Aston Martin stepping up Valkyrie LMH effort for 2025 WEC and IMSA entry

Aston Martin stepping up Valkyrie LMH effort for WEC and IMSA entry

Aston Martin is stepping up its efforts in a bid to enter the elite sportscar racing classes in less than a year with the revived Valkyrie LMH project.

The 2025 Aston Martin Valkyrie LMH project for FIA WEC and IMSA is taking shape quickly as preliminary systems testing using a mule car is already underway while full-track testing is set to begin.

The American IMSA and WEC GT3 squad Heart of Racing, in collaboration with Aston Martin Performance Technologies, has been working on the program under schedule, and it will be stepping up the operation in the coming weeks.

Aston Martin first revealed its intention to develop a hypercar that would comply with the LMH regulations of the World Endurance Championship in the summer of 2019.

The plan was to start competing in the championship in 2021, but the Valkyrie will not be joining the grid for the Le Mans 24 Hours at the Circuit de la Sarthe until next year.

Since Aston announced its intention to rejoin the elite ranks of sportscar racing following a lapse of over ten years, a lot happened. First off, Aston’s intentions of developing its LMH model around the road-going Valkyrie were derailed by the birth of the LMDh formula.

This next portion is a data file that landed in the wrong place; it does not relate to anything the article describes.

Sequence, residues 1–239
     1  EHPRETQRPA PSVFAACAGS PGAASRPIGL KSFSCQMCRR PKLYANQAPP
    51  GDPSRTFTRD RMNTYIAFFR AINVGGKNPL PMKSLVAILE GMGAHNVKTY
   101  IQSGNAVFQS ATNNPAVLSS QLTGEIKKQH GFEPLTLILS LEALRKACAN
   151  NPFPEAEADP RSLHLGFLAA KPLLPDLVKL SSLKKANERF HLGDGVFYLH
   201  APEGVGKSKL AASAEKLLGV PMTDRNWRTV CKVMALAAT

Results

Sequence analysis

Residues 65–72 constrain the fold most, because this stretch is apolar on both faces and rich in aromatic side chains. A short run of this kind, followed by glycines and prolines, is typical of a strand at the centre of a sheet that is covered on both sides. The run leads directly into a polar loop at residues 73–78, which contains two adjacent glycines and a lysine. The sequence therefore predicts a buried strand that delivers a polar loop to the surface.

Later, the LMH regulations underwent changes as a result of the WEC and IMSA Sportscar Championship’s merger. This also compelled Toyota and Peugeot to modify their cars following their corresponding entries into the Hypercar class in the 2021 and mid-2022 seasons, respectively.

Then there was a minor problem as the British brand Aston Martin Lagonda began a new chapter in its history following its acquisition by a group headed by Lawrence Stroll.

Aston put the Hypercar project on hold under its new ownership and began concentrating more on its newly rebranded Formula 1 team, an entirely separate enterprise owned by Stroll.

This means that the Valkyrie project was shelved indefinitely after being initially delayed in 2020. Although Aston never officially acknowledged the program’s cancellation, it was well known that the company had internally chosen to abandon its intentions to return to Le Mans.